August09,2016

Meet Mariah, “No Boundaries” 2016 Participant

"No Boundaries" 2016 participant Mariah sits in her wheelchair behind an office desk.

By Carolyn VanBrocklin, Communications Specialist, Disability.gov Team

When Mariah rolls into the office, she exudes bubbly confidence. Born with cerebral palsy, she wanted to participate in “No Boundaries” because she “thought it would be an amazing experience to show what people with disabilities can do. When barriers are broken down, people with disabilities are able to be active participants in their communities and nationwide.”

Mariah didn’t know a lot of people with disabilities when she was younger. She grew up in an Air Force family, which meant frequent moves, and she was often the only person in her school who used a wheelchair. After her family moved to Texas, she joined Kinetic Kids, an accessible sports and recreation program for young people with disabilities. For the first time, she met other kids her age who also used walkers or wheelchairs to get around. Mariah says the program provides a very positive experience for young people with disabilities. “[Participants] realize they can dream big and know not to limit themselves.”

Mariah says that her disability has impacted her life in a positive light through the extraordinary experiences it has made possible – like participating in “No Boundaries.” Though she doesn’t drive, she’s visited more than 15 states and Washington, D.C., and made close friends along the way. She has a strong support system of family, friends, co-workers and community to help her fulfill her dreams, which she says have enriched her life and helped shape her positive outlook and sense of determination.

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July28,2016

Meet Ines, “No Boundaries” 2016 Participant

Ines stands at a kitchen counter with the ingredients to make an omelete.

By Carolyn VanBrocklin, Communications Specialist, Disability.gov Team

Ines juggles brightly-colored peppers between her hands as she waits for her photo shoot to begin. Her infectious laugh echoes throughout the kitchen, as the peppers bounce off the counter and roll to a stop. The shoot starts, and in between clicks of the camera Ines adjusts the blue scarf looped around her neck, which she chose because it coordinates with the Sjogren’s syndrome awareness bracelet proudly worn on her wrist.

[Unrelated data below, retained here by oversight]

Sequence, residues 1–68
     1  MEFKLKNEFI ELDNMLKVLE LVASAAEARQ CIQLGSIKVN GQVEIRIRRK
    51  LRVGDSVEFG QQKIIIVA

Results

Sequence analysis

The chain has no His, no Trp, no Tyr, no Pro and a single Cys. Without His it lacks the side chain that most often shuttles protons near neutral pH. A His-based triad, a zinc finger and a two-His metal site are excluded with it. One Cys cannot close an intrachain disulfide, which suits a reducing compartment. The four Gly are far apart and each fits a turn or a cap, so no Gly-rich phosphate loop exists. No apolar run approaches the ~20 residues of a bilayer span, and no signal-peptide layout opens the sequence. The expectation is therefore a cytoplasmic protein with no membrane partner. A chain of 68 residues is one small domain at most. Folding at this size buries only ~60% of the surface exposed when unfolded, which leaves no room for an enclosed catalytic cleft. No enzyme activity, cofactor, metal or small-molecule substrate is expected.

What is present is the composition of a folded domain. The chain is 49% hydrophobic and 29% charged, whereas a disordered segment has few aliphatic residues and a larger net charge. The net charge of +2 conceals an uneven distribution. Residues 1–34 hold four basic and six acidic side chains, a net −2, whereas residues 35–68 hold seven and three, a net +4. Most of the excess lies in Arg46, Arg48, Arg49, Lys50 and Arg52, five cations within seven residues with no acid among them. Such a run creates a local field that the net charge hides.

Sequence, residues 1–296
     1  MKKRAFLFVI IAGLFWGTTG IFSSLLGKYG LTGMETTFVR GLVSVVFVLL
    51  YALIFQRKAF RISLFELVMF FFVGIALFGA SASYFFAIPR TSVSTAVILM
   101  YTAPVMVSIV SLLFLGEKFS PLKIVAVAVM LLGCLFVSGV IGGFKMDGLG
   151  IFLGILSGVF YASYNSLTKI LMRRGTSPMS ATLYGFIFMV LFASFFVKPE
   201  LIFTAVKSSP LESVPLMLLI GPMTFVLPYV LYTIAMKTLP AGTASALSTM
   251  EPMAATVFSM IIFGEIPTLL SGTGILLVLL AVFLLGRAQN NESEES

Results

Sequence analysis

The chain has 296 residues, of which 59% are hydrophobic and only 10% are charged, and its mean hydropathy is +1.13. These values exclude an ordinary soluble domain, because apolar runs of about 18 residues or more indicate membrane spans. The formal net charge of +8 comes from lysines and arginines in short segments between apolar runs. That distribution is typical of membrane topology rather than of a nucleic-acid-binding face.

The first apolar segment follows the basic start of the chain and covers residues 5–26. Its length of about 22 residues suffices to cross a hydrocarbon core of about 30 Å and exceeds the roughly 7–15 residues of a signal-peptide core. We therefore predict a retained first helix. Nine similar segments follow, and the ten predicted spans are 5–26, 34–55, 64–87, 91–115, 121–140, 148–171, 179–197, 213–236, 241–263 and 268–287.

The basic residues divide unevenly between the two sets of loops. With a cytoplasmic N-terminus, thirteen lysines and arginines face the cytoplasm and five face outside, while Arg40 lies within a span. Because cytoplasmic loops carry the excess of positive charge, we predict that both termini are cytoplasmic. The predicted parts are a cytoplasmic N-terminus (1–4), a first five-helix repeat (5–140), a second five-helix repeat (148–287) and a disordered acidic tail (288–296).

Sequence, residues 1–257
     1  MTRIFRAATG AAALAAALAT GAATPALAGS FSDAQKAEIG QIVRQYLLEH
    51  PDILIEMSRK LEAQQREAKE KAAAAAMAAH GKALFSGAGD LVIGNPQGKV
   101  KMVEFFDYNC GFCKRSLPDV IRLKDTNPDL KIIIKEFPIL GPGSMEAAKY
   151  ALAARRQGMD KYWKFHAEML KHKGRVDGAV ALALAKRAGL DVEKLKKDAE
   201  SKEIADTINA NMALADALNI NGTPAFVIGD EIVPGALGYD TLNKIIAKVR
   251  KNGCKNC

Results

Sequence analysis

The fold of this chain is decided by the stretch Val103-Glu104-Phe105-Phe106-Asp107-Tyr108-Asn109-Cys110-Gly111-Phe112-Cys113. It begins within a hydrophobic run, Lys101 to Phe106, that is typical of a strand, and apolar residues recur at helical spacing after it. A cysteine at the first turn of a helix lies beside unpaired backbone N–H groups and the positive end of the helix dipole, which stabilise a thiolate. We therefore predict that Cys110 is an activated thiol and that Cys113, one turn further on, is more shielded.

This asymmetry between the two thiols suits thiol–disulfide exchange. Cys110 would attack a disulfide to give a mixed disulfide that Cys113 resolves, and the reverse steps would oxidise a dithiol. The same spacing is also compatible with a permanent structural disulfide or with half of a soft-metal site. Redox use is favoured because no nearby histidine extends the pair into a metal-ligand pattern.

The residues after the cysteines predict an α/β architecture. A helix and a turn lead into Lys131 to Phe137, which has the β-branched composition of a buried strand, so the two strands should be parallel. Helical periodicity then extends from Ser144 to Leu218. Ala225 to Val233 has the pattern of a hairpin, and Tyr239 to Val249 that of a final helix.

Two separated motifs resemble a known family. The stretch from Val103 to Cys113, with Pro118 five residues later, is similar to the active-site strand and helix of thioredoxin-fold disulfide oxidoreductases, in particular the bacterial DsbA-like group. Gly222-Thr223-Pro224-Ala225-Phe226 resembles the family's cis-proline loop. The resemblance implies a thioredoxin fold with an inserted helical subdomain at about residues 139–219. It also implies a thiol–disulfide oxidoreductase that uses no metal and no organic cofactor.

The kitchen is where Ines feels most at home. Since immigrating to the U.S. from Nicaragua 24 years ago, she has honed her cooking skills to become a master of numerous international cuisines. She is well versed in the nuances of Greek, Chinese and Cuban cuisine, to name a few. Her specialty is soup – from hearty minestrone to creamy Avgolemono.

For years, Sjogren’s syndrome was the nameless monster that threatened to limit Ines’s abilities in the kitchen and her occupation as a nanny. Doctors were at first not able to diagnose what originally seemed like an allergy to the sun and a severe case of dry eyes. Some thought she had multiple sclerosis, since Ines also has Raynaud’s disease, which causes parts of the body – specifically the fingers and toes – to go numb as a reaction to cold weather or stress.  It wasn’t until 2012, when she was treated at the National Institutes of Health, that she was finally diagnosed with primary Sjogren’s syndrome, an autoimmune disorder.

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July26,2016

#Disability Blog Carnival: Living in a Post ADA World

Photo collage of children and adults with disabilitiesEditor’s Note: This blog was cross-posted from MomsRising.org.

By Christina D’Allesandro, New Hampshire State Director, MomsRising, and Rebecca Cokley, Executive Director, National Council on Disability.

Nearly 20 percent of Americans are living with a disability, and countless others are deeply involved in caring for and supporting individuals affected by disability. Last year we celebrated 25 years from the passage of the Americans with Disability Act (ADA). We highlighted many successes, while realizing that we still have a long way to go.